The following is an article we posted on the Robbins’ Nest Blog last August. We often hear about the “placebo effect”; it seems timely to mention again the “nocebo effect.”

A placebo is typically a fake medication used as a control in a medical trial. It can have favorable effects on the individual, sometimes alleviating pain, bloating, or a depressed mood. A nocebo effect can produce the opposite result. If a patient anticipates negative side effects to a pill, he or she may actually suffer the effects even if the pill is fake. This negative effect has been largely overlooked by researchers, clinicians, and patients. In an article recently published in the journal Deutsche Arzteblatt International, researchers reviewed 31 studies demonstrating the nocebo effect. The research found that 11% of people in fibromyalgia drug trials who were taking fake medication dropped out because of side effects including nausea or dizziness. Another study reported that discontinuation rates in migraine or tension drug trials were as high as 5% due to side effects. The rates of discontinuation in statin trials ranged from 4% to 26%.

Interestingly, an Italian study asked participants with and without diagnosed lactose intolerance to take lactose for an experiment on bowel symptoms. Actually, the participants all took glucose, which does not harm the gut. A total of 44% of people with lactose intolerance and 26% of participants without lactose intolerance complained of gastrointestinal symptoms! People can also be impacted by the nocebo effect when they take real, non-placebo drugs. When patients are informed of possible side effects, the risk of feeling those side effects can increase. In one study, a group of German psychologists divided patients with chronic lower back pain into two groups for a leg flexion test. The first group was told the test would not change their pain level, while the second group was told the test could slightly increase their pain. The second group was unable to do as many flexions, and reported intensified pain.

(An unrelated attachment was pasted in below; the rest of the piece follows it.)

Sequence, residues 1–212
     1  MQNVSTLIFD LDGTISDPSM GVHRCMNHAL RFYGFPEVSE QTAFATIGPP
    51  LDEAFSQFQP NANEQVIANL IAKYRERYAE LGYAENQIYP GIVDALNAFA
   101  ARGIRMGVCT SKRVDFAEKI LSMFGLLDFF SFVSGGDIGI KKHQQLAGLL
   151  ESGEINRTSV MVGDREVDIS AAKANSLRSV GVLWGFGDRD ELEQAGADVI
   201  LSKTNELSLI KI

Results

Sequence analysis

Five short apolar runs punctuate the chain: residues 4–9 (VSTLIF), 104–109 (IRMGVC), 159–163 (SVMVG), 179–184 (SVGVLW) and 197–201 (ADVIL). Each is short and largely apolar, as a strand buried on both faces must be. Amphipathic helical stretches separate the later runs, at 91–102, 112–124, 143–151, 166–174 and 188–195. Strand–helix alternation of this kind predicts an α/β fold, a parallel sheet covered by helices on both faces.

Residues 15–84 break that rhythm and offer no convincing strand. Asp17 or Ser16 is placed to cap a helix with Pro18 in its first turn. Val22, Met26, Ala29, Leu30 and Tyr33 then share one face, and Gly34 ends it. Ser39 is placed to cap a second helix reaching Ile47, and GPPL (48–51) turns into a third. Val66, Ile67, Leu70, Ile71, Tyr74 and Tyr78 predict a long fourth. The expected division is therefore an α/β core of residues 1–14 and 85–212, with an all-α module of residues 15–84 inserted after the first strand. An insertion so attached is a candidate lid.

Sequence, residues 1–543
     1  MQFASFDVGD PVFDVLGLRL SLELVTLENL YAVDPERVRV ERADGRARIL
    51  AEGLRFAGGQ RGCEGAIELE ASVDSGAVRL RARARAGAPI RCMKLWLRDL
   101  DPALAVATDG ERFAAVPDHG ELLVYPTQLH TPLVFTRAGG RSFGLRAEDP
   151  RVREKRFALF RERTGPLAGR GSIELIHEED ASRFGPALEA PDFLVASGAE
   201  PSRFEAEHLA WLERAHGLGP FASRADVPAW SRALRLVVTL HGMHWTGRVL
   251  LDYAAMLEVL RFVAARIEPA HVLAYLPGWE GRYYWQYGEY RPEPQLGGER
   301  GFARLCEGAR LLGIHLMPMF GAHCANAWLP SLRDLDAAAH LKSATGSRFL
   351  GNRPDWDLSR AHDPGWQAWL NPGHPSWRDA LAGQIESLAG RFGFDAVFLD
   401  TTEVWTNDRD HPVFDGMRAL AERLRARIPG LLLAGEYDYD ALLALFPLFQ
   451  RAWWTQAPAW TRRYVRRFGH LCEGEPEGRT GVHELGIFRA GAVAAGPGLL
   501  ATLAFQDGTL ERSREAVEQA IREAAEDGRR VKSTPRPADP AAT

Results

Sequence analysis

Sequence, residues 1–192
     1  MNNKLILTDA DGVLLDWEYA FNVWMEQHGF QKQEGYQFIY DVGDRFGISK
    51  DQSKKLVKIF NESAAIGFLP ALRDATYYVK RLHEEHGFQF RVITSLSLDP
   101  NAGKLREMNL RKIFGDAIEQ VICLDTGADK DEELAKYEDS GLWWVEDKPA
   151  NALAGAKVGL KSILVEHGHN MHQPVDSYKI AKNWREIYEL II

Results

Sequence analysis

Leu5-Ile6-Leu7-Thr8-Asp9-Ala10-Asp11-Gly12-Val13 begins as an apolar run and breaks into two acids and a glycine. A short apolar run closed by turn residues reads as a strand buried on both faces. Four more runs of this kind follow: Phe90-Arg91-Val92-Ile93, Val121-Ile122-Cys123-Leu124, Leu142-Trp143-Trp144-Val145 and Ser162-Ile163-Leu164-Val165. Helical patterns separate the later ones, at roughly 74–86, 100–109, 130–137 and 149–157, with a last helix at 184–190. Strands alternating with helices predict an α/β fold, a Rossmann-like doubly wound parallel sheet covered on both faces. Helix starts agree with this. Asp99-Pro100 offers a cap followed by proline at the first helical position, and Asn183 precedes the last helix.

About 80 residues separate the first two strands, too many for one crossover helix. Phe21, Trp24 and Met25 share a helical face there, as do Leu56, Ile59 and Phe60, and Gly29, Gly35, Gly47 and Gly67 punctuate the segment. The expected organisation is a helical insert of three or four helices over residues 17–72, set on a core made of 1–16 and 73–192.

Researchers believe that a doctor’s choice of words matter. A group of American anesthesiologists studied women about to give birth, who were all given an epidural. Some women were told, “We are going to give you a local anesthetic that will numb the area so that you will be comfortable during the procedure.” Another group was told “You are going to feel a bee sting; this is the worst part of the procedure.” Because the second statement highlighted the downside of the injection, the perceived pain was greater in that group.

So how can health care providers be honest with their patients about potential complications, yet also minimize the chances of side effects? The researchers believe better communication is the answer. While a doctor may says “it’s just going to bleed a bit” they believe more thorough communication training can help doctors be truthful yet appropriate with their patients…… nytimes.com   8/12/12

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